Thank you Roberto for giving us the magic, the joy -- and of course the beauty -- that are so important to the beautiful game.

  1. Fidel Colman
    commented on: January 12, 2017 at 4:23 p.m.
    Thanks for your kind words regarding Roberto Cabaña's passing Mr Gardner - I really enyoy your column on Soccer Talk and always look forward to reading them - Please keep up the great work
  1. dave shinn
    commented on: January 12, 2017 at 4:53 p.m.
    I remember seeing that goal live. I had never seen anything like it. It was so amazing. I was 7 years old. Could not believe what I had just seen. We were calling it a backwards bicycle kick. Great memories. Thank you and rip.
  1. Gonzalo Munevar
    commented on: January 13, 2017 at 12:05 a.m.
    A truly wonderful article. Thank you.
  1. Gus Keri
    commented on: January 13, 2017 at 10:37 a.m.
    I thought Rene Higuita's kick was called "donkey's kick."
  1. I w Nowozeniuk
    commented on: January 13, 2017 at 7:07 p.m.
    I witnessed it with total amazement. RIP

Sign in to leave a comment. Don't have an account? Join Now



Recent SoccerTalk with Paul Gardner
Wenger must stay -- even the stats agree     
Arsene Wenger should stay. That's what I think. And I think that way because I respect ...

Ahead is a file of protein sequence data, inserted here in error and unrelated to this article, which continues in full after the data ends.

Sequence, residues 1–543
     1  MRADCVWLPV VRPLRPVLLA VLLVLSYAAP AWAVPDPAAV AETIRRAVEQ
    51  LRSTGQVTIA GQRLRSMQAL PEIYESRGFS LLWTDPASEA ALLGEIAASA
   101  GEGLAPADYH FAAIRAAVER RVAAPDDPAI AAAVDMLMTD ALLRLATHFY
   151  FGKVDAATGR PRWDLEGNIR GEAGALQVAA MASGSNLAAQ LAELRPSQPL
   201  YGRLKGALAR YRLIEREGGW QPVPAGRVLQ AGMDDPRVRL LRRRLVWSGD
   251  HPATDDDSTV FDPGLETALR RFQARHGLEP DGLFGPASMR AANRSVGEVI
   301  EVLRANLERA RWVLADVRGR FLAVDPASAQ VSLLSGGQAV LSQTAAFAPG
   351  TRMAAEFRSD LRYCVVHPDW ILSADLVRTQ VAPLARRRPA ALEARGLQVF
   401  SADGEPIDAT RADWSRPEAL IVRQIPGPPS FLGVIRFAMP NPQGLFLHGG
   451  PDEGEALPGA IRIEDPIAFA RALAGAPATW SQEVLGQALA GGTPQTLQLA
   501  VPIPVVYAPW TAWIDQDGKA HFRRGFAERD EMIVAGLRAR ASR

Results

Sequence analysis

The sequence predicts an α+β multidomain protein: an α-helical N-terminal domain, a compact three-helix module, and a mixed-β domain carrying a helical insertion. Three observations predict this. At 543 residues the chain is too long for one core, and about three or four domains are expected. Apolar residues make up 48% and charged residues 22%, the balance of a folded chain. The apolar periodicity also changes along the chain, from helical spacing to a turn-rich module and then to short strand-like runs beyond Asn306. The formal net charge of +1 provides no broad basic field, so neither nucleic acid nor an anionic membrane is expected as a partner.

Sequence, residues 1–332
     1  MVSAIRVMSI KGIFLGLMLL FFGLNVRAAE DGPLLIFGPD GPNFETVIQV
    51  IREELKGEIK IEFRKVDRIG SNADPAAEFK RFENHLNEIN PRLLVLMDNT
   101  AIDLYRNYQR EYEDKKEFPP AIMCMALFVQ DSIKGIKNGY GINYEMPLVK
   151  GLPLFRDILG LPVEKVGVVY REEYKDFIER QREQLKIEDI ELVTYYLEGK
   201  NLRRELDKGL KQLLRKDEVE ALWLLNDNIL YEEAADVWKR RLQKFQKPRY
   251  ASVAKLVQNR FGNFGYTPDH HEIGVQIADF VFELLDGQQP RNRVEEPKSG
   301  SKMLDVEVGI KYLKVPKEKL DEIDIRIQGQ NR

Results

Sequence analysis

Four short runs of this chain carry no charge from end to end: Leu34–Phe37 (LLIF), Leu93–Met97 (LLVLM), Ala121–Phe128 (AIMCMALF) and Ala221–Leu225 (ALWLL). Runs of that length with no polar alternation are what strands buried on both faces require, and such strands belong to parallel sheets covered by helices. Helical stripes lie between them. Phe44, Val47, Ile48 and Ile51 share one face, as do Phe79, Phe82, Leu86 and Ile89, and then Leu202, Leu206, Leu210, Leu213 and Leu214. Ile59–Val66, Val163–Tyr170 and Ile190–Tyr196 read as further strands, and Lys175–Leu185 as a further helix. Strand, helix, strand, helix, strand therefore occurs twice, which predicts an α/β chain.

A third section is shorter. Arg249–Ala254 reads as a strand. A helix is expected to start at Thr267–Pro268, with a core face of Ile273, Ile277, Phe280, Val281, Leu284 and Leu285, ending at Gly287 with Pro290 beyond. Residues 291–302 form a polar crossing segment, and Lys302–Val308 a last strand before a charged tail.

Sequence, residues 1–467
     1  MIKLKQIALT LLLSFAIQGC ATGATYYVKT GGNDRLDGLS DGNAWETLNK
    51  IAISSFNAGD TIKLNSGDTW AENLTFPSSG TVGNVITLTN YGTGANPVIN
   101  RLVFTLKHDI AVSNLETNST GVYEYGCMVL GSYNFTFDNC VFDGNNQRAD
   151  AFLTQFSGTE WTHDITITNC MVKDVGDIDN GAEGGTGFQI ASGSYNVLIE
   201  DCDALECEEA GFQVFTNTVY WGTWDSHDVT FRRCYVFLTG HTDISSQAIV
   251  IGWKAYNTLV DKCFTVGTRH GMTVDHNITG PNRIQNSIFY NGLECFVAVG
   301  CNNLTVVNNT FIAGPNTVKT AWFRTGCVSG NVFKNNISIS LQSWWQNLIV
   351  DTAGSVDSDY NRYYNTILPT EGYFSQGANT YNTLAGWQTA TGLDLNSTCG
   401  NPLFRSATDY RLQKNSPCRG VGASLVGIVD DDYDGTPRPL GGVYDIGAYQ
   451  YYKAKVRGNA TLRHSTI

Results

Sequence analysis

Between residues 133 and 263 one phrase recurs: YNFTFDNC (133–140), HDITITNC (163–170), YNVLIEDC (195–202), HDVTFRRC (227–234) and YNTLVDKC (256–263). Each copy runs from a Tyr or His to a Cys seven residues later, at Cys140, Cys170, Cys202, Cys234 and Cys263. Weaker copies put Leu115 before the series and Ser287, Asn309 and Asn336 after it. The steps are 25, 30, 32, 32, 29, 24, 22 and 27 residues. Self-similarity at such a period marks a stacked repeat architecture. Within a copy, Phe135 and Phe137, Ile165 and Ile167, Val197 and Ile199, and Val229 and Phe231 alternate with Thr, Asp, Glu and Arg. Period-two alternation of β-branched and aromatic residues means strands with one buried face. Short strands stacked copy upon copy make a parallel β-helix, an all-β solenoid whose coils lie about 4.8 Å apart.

Violent Goalkeeping (Part 2): FIFA must radically rethink the goalkeeper's role    
Last time, I asked: "What action has soccer taken to at least reduce the incidence of ...
Violent Goalkeeping (Part 1): Players at risk as soccer ignores its own rules    
Goalkeepers, we are told, need protection. No doubt we all agree. Up to a point.
The triumphant return of Bruce Arena    
Well, take that Jurgen Klinsmann. Never at any time during his five years in charge of ...
MLS games compare well with EPL but referees in both leagues reluctant to call PKs    
During this past weekend, I watched -- on television, of course -- 15 games. Well, not ...
Of tattoos and voodoo and science ... and soccer    
My calendar says March 1. But, quite possibly, global warming has advanced things. The weather is ...
Suddenly, the sport itself rebels against low-scoring Scrooge soccer    
We haven't seen anything like this for quite a while. In fact it was beginning to ...
Pep snubs Kun -- modern soccer at its worst    
Back in 2005 the word from Argentina was that maybe -- of course maybe -- a ...
Where soccer fails, the NFL gets it right    
An impertinent book, this. The title and subtitle tell you succinctly what you are getting: "The ...
More urgent than Van Basten's rule changes: soccer needs a total reversal of referees' negative mindset    
The problem is this. To praise Marco van Basten for speaking out on a topic that ...
>> SoccerTalk with Paul Gardner Archives